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Vivas, Fruto (1928--) By d’Auria, Viviana

DOI: 10.4324/9781135000356-REM249-1
Published: 09/05/2016
Retrieved: 09 June 2023, from


A successful architect born in the Venezuelan Andes, Fruto Vivas received his training in Caracas during a period of booming modernization mid-20th-century. His approach to popular culture lay at the heart of his proposals for a national architecture based on Venezuelan Hispanic typologies, traditional techniques, and regional materials. As a result of such references critics have labelled his architecture “populist.”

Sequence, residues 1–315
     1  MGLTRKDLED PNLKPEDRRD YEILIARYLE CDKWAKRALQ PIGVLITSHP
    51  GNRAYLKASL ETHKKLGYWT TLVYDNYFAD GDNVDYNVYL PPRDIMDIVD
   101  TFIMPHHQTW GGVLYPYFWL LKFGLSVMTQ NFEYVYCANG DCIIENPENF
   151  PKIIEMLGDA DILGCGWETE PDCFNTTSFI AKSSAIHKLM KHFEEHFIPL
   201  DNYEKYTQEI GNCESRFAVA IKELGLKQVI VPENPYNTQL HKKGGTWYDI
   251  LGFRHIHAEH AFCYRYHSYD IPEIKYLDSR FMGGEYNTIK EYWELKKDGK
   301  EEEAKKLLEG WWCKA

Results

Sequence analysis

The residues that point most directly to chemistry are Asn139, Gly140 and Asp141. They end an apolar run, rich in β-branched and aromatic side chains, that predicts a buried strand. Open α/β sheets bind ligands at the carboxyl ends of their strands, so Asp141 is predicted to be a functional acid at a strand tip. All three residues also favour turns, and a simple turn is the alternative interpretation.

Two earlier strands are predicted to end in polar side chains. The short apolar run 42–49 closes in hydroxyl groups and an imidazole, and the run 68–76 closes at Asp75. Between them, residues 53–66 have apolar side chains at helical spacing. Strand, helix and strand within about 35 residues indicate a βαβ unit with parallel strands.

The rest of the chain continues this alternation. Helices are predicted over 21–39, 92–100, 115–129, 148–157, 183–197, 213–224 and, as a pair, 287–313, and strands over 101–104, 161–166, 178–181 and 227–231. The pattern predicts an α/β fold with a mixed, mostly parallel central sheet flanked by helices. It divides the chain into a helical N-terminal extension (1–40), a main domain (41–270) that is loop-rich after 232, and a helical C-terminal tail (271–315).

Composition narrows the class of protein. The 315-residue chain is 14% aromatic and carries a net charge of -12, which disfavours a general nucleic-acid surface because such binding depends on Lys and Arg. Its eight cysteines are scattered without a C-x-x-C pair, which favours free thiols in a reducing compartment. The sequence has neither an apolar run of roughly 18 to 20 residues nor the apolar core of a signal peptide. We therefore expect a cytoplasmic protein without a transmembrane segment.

From the 1960s onwards, Vivas applied these proposals to an architecture inspired by nature’s functional logic, from which two main theses arise: “structural types” or “boundary structures” and the idea of “living trees.” While the former analyzes the minimum dimensions and weights for structural elements consistent with self-construction for an “architecture of the masses,” the latter illustrates how houses can do without many devices for their conditioning and they can even be self-generative so as to guarantee the survival of their users.

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Citing this article:

d’Auria, Viviana. "Vivas, Fruto (1928--)." The Routledge Encyclopedia of Modernism. : Taylor and Francis, 2016. Date Accessed 9 Jun. 2023 doi:10.4324/9781135000356-REM249-1

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